AAR SLR15 AR-15 / M-16 / M-4 Rifle Armorer Course, Owatonna MN

SLR15 Rifles AR-15 / M-16 / M-4 ARMORING COURSE

When: August 8-9, 2016

Where: Owatonna, Minnesota

We conducted a 2-day (16-hour) AR-15 / M-16 / M-4 Armorer Course at the Owatonna Minnesota Police Department. This was our first course here, and we look forward to more. The training room with plenty of table space, decent lighting, and a screen that we were able to project animated graphics of the weapons system, powerpoint detailed pics of gun parts, and especially when looking at finer detail things like machining, stress cracks & wear.

Rifles represented in this course were many, to include SLR15, Colt, Daniel Defense, Bravo Company, Bushmaster, DPMS, Smith & Wesson, Rockriver, HK, Windham Weaponry, and a couple of custom builds.

Day-1 started with going through the course manual that all students are given. Students were supplied with their own set of basic tools that are necessary to do 95% of the work on their rifles (short of restocking and rebarreling, of which wrenches and sometimes fixtures are necessary), Slip2000 "EWL" Extreme Weapons Lubricant and #725 Cleaner Degreaser, etc. A short session of nomenclature was covered, at which time covered every feature and exterior piece of the rifle to include all the hidden design features that most people are not aware of, and everyone prepped the rifles for disassembly work. Everyone was taught the procedure series of checks that we recommend.

Everyone was taught our recommended way to field strip a rifle, and whey we do it this way so as not to cause damage, premature wear or stress on anything. We covered maintenance of where and what to clean, and what needs lubrication to keep it running. We showed why not to use the firing pins as tools. We showed everyone our recommendation of how to remove fouling and why, and everyone got to use our methods.

The entire bolt carrier assembly was covered, to include inspections, maintenance, upgrades, 3 types of gas rings, and differences in finishing and machining. We had several students that gas keys that needed to be staked better, of which we supplied several of the MOACKS tools that were put to good use. Everyone was introduced to the different types of gas rings. We went through what each types does, and their proper installation order.

After lunch we covered the lower receiver assembly. Everyone had collapsible stocks, and we showed the proper mounting & gauging, and made sure everything was properly staked. The lower receivers were disassembled. We went through the fire control group, to include detailed inspections of all the sear engagement surfaces, spring types, single stage, and two stage trigger systems. The end of the day was spent with going through in great detail the eight cycles of fire, proper timing, .223 vs 5.56, different gas systems, etc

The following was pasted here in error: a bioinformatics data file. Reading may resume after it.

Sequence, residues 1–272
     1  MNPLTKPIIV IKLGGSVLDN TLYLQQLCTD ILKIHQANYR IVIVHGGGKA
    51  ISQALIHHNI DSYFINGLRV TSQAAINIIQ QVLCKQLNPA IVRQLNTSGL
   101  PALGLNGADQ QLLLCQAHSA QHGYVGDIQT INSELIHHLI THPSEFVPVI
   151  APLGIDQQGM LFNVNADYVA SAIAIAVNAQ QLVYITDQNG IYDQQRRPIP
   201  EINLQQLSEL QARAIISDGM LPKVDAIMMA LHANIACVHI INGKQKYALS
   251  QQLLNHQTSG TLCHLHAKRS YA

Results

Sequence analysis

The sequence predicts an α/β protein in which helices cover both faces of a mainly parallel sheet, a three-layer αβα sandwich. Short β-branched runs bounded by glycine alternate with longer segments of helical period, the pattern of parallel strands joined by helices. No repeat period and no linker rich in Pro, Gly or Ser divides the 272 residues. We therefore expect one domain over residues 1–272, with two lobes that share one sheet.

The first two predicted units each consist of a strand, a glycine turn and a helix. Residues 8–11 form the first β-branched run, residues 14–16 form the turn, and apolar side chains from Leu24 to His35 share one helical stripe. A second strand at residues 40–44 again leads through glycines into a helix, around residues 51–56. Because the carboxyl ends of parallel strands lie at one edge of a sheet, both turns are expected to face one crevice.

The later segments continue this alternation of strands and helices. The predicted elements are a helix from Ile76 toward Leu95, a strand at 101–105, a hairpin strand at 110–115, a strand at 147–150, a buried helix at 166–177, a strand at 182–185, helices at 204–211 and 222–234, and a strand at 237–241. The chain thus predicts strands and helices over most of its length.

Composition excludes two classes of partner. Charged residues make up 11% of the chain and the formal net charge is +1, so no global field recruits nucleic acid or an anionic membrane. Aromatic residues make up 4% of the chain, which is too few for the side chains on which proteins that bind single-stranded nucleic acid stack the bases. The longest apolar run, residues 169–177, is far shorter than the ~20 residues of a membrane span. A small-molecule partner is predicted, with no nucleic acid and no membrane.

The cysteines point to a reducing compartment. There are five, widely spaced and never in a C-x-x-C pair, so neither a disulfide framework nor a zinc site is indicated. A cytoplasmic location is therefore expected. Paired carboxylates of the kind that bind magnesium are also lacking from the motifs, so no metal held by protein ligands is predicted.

Day-2 started with a review of everyone that was covered on day-1, with some greater details and myths covered. We then got into a session on the timing as it pertains to proper cycling, and showed what effects timing, and how & what happens when it is out or proper time, dwell time, suppressor issues, etc.

Everyone then stripped their lower receivers for a further inspections and troubleshooting session. We showed examples of good & bad machining on parts, and how this effects the entire rifle. Once factory machining was covered, we then showed where people alter trigger systems by doing a trigger job, both good and bad, and covered whey we don’t recommend that people do a trigger job on a work rifle. Lastly we went through full-auto, burst, and illegal street conversions. Once everyone was comfortable with the entire lower receiver assembly, the were put back together, inspected, and made sure everything is in proper working order.

The last half of day-2 was spent on the upper receiver assembly. There were two piston systems in this class, so we showed in great detail how these work, and covered troubleshooting and stress on these. We covered barrel removal, mounting, gauging & inspections. Everyone was allowed to rebarrel their rifles or make adjustments. Everything was gauged, and we had several rifles and were improperly mounted. This improper mounting was causing premature wear & stress, of which these rifles were fixed before they left the class. When inspecting barrels that had been removed, none of them had been put together to the Milspec from the manufacturer. Every barrel that was pulled, was remounted to Milspec, torqued, and properly indexed. Once all the rifles were put back together, everything was inspected and gauged to make sure it was in proper working order. Everyone did chamber inspections, checked & gauged the four gas seals, firing pin protrusion, trigger press, and headspace.

Here is a brief overview of a few things that were covered:
History of the Weapon
Cycles of Function
General Disassembly & Assembly
Identification of Common Problems and Parts
Identification of Group Components
Semi, Burst, and Full Auto Parts and Conversions
Complete Armoring Disassembly / Assembly
Barrel Replacement
Cleaning and Maintenance
Sight and Distance Considerations
Ballistic Issues
Barrel: Twist, Length, and Profiles
Gas System
Parts Interchangability, including Brands
Firing Pin Protrusion
Trigger Jobs
Chamber Inspection and Issues
Troubleshooting, diagnosis & repair
Gauging, Inspections, Stress & Interval Issues
Accessories and Customizing
Tool Options and Selection
Iron Sights
SOP/MOD Accessories and Additions

Greg Sullivan "Sully"
SLR15 Rifles
(763) 712-0123
Hey Sully, looking at your upcoming classes in Greenwood, IN. What is the difference in what is covered in the standard and advanced courses? Just more reps? I read the course descriptions, and they looked identical.